Neanderthal genome project

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The Neanderthal genome project is an effort of a group of scientists to sequence the Neanderthal genome.

It is coordinated by the Max Planck Institute for Evolutionary Anthropology in Germany 454 Life Sciences, a biotechnology company based in Branford, Connecticut in the United States. Founded in July 2006, the project published their results in the May 2010 journal Science detailing an initial draft of the Neanderthal genome based on the analysis of four billion base pairs of Neanderthal DNA. The study determined that some mixture of genes occurred between Neanderthals and anatomically modern humans and presented evidence that elements of their genome remain in that of modern humans outside Africa.[1][2]

In December 2013, scientists reported, for the first time, a high coverage genome of a Neanderthal. The genome was extracted from the bone fragment of a Neanderthal female from around 40,000 years ago, found in a Croatian cave.[3][4]


According to preliminary sequences, 99.7% of the base pairs of the modern human and Neanderthal genomes are identical, compared to humans sharing around 98.8% of base pairs with the chimpanzee.[5] (Other studies concerning the commonality between chimps and humans have modified the commonality of 99% to a commonality of only 94%, showing that the genetic gap between humans and chimps is far larger than originally thought.)[6][7]

The researchers recovered ancient DNA of Neanderthals by extracting the DNA from the femur bones of three 38,000-year-old female Neanderthal specimens from Vindija Cave, Croatia, and other bones found in Spain, Russia, and Germany.[8] Only about half a gram of the bone samples (or 21 samples each 50–100 mg[1]) was required for the sequencing, but the project faced many difficulties, including the contamination of the samples by the bacteria that had colonized the Neanderthal's body and humans who handled the bones at the excavation site and at the laboratory.[9]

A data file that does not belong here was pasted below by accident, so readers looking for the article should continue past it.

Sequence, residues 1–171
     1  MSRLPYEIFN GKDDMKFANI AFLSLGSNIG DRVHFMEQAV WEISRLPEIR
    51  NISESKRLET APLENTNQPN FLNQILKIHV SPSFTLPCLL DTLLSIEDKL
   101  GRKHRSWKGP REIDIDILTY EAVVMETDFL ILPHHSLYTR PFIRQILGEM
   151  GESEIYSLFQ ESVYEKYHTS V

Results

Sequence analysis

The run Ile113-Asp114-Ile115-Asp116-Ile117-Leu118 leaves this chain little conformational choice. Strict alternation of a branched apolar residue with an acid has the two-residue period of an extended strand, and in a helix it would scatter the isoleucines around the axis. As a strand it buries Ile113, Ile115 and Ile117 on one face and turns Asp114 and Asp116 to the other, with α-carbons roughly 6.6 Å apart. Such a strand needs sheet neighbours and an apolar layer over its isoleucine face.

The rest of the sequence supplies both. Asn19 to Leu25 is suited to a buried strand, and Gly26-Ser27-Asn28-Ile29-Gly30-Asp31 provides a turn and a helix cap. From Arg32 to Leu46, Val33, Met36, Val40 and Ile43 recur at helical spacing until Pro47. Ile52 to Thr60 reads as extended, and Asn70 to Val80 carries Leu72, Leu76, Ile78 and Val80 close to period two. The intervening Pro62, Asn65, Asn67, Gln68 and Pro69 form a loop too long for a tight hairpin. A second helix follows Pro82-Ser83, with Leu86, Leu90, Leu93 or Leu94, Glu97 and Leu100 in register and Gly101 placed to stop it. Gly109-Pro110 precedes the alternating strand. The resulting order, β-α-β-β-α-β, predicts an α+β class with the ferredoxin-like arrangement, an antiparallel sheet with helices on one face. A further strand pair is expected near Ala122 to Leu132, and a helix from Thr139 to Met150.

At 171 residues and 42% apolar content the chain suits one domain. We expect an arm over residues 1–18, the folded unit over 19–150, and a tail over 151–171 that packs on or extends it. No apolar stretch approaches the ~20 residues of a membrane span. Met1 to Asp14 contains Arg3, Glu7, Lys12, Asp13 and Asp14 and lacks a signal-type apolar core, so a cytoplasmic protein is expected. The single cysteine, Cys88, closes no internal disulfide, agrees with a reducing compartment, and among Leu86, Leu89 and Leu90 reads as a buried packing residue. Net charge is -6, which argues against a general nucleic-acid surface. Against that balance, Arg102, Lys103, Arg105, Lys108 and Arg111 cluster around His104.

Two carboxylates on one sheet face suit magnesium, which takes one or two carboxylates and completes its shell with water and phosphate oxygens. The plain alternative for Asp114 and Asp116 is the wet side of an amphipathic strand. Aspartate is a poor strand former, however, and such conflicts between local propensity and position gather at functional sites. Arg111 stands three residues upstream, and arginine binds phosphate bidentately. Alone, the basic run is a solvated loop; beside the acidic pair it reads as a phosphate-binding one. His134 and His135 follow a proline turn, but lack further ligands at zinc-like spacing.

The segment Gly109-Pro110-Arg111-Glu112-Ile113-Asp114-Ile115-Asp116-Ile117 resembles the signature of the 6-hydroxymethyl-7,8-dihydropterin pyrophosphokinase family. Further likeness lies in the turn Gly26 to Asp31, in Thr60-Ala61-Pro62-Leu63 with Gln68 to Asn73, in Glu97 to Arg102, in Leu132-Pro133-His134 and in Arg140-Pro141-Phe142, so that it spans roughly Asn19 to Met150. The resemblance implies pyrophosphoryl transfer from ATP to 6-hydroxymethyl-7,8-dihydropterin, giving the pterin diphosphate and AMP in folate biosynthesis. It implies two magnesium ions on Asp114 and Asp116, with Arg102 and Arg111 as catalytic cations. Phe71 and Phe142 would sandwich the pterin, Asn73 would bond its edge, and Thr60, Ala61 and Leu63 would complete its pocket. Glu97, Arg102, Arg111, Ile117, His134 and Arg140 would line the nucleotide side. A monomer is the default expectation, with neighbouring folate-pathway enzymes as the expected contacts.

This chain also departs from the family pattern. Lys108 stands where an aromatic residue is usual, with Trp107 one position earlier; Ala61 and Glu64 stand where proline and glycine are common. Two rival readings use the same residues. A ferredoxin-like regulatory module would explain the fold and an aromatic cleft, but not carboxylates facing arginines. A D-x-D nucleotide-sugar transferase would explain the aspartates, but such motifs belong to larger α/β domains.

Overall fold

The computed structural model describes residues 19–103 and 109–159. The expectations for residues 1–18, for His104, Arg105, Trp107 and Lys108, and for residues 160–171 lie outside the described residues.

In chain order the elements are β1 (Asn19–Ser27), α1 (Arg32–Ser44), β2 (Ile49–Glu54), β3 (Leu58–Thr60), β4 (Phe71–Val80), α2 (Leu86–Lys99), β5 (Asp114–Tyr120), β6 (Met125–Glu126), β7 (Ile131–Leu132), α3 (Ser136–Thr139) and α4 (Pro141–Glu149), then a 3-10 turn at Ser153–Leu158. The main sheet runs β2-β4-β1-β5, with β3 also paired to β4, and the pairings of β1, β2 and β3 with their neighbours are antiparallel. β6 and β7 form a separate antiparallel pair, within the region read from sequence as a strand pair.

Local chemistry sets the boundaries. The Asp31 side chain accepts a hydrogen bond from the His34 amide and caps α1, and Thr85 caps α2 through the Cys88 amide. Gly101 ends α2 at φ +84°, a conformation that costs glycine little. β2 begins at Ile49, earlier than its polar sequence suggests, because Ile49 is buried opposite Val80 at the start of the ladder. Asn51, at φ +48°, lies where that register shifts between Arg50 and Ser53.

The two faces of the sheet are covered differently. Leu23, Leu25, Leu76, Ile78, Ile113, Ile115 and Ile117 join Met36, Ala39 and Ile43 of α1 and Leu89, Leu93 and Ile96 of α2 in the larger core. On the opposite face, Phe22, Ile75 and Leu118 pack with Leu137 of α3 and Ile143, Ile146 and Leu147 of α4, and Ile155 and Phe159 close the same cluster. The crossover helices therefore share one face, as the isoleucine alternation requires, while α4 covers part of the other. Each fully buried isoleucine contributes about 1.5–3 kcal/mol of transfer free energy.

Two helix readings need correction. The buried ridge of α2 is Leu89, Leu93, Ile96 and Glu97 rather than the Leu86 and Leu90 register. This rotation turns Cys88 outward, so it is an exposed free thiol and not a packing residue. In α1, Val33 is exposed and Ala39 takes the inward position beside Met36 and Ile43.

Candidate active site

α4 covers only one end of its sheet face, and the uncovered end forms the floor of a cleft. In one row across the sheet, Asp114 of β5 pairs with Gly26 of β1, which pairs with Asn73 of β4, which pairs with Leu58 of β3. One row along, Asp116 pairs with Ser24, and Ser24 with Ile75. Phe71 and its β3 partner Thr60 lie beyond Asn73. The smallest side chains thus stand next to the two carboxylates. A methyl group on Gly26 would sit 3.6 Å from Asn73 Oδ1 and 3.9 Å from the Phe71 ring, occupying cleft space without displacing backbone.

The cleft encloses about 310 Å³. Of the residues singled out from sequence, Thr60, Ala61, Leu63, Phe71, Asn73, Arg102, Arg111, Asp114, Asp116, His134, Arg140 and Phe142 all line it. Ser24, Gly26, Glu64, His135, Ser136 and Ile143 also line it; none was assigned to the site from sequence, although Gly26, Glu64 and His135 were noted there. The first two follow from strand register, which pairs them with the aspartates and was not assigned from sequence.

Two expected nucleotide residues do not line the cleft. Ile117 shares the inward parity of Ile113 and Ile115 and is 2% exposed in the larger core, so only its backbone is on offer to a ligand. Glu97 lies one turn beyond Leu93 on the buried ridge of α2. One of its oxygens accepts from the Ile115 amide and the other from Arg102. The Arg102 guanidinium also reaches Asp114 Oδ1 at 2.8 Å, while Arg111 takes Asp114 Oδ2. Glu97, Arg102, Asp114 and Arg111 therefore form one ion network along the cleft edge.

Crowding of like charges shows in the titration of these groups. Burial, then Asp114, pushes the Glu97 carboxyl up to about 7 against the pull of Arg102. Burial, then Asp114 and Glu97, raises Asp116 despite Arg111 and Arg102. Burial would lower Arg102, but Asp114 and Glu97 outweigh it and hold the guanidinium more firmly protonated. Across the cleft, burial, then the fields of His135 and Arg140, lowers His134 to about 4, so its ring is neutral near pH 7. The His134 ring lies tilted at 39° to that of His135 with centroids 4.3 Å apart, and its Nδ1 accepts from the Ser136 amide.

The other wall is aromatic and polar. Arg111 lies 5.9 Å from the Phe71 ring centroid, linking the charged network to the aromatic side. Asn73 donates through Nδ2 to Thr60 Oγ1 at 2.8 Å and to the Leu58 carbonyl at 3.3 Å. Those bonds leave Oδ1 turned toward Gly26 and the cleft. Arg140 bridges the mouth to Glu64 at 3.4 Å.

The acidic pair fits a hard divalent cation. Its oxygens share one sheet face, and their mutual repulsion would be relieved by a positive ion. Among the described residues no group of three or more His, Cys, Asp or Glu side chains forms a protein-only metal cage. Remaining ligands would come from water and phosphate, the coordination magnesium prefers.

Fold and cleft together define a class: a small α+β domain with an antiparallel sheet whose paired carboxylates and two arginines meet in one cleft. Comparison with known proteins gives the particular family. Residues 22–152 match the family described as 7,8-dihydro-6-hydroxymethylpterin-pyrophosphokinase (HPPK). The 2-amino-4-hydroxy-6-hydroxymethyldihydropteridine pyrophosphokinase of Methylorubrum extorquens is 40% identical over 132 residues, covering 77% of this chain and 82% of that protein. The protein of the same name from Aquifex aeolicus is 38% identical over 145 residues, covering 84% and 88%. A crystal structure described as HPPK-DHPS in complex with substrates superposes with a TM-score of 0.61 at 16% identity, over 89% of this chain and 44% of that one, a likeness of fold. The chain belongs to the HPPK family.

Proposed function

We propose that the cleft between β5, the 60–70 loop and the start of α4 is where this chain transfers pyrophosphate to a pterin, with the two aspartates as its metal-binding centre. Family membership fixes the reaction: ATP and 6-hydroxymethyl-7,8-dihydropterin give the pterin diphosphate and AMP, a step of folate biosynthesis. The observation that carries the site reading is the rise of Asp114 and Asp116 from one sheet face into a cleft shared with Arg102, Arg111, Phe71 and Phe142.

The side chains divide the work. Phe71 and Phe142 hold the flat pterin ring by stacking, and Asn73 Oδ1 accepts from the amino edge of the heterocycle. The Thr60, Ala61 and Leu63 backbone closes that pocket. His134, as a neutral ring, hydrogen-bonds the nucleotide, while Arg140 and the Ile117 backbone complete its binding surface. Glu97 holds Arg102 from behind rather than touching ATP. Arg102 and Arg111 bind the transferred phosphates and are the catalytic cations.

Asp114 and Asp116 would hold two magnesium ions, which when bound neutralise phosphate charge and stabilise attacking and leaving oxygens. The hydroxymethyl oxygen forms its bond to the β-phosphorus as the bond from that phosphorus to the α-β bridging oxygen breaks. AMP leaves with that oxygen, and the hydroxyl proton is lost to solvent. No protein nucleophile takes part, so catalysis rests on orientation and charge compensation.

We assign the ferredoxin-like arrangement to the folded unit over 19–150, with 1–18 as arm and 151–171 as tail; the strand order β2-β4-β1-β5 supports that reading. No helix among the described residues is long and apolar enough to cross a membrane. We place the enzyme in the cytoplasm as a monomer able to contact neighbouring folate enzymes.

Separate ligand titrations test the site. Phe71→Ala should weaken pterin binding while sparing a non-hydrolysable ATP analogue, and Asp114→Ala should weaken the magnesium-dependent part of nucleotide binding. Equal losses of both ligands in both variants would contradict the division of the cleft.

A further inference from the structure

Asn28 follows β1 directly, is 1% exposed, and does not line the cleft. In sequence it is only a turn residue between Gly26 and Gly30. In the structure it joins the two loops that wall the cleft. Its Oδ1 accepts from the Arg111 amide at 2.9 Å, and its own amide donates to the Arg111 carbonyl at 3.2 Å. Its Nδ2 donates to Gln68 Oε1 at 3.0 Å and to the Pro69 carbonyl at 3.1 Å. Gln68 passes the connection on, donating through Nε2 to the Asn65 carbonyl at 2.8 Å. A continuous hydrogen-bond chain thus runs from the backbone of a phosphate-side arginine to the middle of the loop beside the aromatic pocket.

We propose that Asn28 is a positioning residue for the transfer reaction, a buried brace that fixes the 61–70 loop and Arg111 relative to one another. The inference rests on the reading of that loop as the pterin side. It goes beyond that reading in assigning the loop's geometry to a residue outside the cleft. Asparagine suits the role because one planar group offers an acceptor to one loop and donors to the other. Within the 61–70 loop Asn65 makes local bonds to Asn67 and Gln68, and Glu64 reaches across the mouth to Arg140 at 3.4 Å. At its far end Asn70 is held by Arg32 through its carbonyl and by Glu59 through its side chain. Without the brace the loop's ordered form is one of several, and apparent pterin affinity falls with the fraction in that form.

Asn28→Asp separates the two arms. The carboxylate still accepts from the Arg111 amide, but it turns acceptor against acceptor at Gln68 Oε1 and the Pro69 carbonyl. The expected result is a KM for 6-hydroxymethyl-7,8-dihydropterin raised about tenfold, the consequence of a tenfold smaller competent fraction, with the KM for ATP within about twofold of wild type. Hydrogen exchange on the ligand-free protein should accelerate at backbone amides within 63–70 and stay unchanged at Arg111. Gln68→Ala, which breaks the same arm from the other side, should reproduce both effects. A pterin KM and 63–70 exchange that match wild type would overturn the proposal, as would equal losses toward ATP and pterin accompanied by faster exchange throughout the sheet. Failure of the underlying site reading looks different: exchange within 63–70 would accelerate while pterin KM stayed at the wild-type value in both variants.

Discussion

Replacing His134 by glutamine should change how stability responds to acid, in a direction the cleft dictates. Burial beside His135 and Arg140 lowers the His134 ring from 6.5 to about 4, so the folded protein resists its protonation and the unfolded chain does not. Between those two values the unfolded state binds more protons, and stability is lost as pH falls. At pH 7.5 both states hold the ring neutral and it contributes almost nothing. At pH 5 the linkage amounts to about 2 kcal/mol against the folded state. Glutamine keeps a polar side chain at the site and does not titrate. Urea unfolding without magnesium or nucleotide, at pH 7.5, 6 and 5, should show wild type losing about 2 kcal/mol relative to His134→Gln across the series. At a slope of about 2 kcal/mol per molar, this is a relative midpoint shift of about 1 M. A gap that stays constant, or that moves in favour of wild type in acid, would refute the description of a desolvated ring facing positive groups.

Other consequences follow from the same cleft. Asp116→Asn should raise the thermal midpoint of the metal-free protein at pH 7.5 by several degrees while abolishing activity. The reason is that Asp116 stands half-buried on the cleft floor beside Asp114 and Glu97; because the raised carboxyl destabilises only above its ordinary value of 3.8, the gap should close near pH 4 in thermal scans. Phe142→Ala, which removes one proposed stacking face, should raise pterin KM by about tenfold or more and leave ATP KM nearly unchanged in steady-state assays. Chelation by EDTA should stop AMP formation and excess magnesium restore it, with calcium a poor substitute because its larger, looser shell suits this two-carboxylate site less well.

Additionally, in 2010, the announcement of the discovery and analysis of Mitochondrial DNA (mtDNA) from the Denisova hominin in Siberia revealed that this specimen differs from that of modern humans by 385 bases (nucleotides) in the mtDNA strand out of approximately 16,500, whereas the difference between modern humans and Neanderthals is around 202 bases. In contrast, the difference between chimpanzees and modern humans is approximately 1,462 mtDNA base pairs. Analysis of the specimen's nuclear DNA is under way and is expected to clarify whether the find is a distinct species.[10][11] Even though the Denisova hominin's mtDNA lineage predates the divergence of modern humans and Neanderthals, coalescent theory does not preclude a more recent divergence date for her nuclear DNA.


In 2006, two research teams working on the same Neanderthal sample published their results, Richard Green and his team in Nature,[12] and Noonan's team in Science.[13] The results were received with some criticism, mainly surrounding the issue of a possible admixture of Neanderthals into the modern human genome.[14] The speech-related gene FOXP2 with the same mutations as in modern humans was discovered in ancient DNA in the El Sidrón 1253 and 1351c specimens,[15] suggesting Neanderthals might have shared some basic language capabilities with modern humans.[16]

Svante Pääbo, director of the Department of Genetics at the Max Planck Institute for Evolutionary Anthropology and head of its Neanderthal genome project.

In 2006, Richard Green's team had used a then new sequencing technique developed by 454 Life Sciences that amplifies single molecules for characterization and obtained over a quarter of a million unique short sequences ("reads"). The technique delivers randomly located reads, so that sequences of interest, e.g. genes that differ between modern humans and Neanderthals, show up at random as well. However, this form of direct sequencing destroys the original sample so to obtain new reads more sample must be destructively sequenced.[17]